Why would a tenured professor in his late 50s leave a job he loved to start a company he never intended to create? Meet Pat Brown, who did just that.
By any measure, Brown is a smart guy. He has three degrees, including an M.D. and a Ph.D in Biochemistry, from the University of Chicago. He’s a world-renowned geneticist whose resume includes stints as a Howard Hughes Medical Institute (HHMI) investigator and a professor of biochemistry at Stanford University’s School of Medicine.
As he neared his 60th birthday, Brown reached a crossroads that’s familiar to many of us who have been in the workforce for a long time. He pondered two questions.
How should he spend the rest of his career?
What could he do to make the world a better place?
The answers came during an 18-month sabbatical from his positions at HHMI and Stanford. Brown concluded that the world’s biggest environmental problem was the use of animals to produce food.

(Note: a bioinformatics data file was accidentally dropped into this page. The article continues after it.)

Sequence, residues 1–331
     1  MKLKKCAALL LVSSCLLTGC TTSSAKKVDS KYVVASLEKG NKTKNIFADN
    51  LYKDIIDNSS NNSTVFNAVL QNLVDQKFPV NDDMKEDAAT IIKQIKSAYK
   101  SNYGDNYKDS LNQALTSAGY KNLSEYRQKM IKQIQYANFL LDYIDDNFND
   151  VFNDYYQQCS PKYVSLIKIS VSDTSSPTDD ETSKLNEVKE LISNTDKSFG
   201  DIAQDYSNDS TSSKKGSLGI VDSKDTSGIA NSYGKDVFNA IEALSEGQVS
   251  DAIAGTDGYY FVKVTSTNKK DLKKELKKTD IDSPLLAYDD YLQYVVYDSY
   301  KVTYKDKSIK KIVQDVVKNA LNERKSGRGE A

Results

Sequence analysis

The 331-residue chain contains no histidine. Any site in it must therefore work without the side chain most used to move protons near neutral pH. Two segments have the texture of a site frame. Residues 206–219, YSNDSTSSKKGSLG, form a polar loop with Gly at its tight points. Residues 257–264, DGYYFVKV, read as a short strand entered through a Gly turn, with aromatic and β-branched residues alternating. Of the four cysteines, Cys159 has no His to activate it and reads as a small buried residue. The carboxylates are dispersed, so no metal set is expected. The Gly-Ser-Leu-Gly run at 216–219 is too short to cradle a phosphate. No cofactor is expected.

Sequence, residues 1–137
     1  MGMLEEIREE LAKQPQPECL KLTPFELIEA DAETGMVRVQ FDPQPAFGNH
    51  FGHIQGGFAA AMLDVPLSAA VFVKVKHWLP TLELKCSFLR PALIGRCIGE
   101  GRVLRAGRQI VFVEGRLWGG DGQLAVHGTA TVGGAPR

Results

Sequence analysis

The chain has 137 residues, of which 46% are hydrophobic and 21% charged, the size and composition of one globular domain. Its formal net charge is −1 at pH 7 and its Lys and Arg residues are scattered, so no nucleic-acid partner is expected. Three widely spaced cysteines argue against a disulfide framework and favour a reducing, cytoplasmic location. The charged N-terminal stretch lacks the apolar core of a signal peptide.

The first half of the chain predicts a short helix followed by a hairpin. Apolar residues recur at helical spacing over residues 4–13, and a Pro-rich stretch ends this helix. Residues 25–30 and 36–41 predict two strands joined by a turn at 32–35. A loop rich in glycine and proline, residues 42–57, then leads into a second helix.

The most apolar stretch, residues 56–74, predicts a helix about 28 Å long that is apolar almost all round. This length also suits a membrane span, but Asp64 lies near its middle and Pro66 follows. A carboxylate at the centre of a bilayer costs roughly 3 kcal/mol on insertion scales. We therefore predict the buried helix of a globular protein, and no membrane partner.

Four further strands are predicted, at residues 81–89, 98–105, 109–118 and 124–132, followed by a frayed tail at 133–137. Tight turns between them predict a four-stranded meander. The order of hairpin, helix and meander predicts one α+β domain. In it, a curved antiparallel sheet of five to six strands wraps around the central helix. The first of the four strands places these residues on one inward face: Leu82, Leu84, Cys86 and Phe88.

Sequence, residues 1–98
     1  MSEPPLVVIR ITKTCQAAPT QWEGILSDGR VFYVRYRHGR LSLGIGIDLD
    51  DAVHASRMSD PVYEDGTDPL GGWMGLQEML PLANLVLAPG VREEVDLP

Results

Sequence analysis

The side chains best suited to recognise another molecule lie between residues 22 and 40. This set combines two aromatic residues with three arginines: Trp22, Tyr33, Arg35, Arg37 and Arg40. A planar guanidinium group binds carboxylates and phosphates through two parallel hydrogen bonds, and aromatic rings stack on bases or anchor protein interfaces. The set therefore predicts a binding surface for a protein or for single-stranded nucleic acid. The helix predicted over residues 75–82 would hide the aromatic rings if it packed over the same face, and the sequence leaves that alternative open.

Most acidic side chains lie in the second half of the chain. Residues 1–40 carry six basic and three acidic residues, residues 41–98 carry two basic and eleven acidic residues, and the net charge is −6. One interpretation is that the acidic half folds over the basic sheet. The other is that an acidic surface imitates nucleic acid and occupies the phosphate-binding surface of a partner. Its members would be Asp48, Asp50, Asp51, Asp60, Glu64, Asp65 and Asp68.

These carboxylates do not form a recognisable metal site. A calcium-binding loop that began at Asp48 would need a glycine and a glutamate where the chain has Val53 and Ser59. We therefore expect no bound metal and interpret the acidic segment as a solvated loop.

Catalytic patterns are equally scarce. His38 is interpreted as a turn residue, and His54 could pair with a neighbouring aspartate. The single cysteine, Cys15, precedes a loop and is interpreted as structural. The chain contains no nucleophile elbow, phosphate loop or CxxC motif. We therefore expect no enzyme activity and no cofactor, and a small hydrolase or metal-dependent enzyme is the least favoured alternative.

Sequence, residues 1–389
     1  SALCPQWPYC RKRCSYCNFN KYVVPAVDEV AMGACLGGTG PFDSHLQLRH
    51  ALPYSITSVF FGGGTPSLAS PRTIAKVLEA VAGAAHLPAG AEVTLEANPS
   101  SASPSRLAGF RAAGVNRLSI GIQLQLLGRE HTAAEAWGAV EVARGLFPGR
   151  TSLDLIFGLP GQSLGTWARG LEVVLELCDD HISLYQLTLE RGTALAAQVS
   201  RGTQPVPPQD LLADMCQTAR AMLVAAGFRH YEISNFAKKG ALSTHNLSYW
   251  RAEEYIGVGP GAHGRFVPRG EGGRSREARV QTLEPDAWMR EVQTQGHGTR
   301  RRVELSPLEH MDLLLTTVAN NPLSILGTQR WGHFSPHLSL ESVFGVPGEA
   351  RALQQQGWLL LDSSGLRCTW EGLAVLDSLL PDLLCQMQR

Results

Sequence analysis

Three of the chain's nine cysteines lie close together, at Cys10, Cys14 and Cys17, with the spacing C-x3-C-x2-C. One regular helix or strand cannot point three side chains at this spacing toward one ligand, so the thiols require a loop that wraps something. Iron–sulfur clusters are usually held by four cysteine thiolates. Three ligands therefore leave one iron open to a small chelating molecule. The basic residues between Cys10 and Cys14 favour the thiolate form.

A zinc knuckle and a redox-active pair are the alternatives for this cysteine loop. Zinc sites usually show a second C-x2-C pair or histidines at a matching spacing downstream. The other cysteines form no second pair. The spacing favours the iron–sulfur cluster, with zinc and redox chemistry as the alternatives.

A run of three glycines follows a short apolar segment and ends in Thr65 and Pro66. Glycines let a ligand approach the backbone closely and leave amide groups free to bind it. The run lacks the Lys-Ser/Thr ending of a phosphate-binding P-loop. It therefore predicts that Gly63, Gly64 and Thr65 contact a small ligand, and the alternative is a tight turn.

The best way to reduce this problem, he reasoned, was to find a way to make delicious, affordable meat and dairy products directly from plants. That solution meant competing in the marketplace and starting a business, even though he never planned to become an entrepreneur.
Brown left Stanford and, in 2011, launched Impossible Foods. Its first creation was the Impossible Burger, made entirely from plants but with a taste geared toward people who love ground beef. In January 2020, the Redwood City, California-based company added two more products: Impossible Pork and Impossible Sausage.
Today, Brown’s priorities are different than the ones he had earlier in his career.
“If I would have realized how catastrophic the use of animals in the food system was when I was in my 20s, instead of going into biomedical research, I would have gone right to working on this problem,” he told Business Insider.
While Brown’s success may be extraordinary, he follows certain fundamentals that any entrepreneur can apply. He’s honest about his capabilities. He hires well. And he doesn’t place limits on himself.
“You have to bet on your own success,” he says.
You can learn more about Pat Brown and his journey by listening to this NPR interview.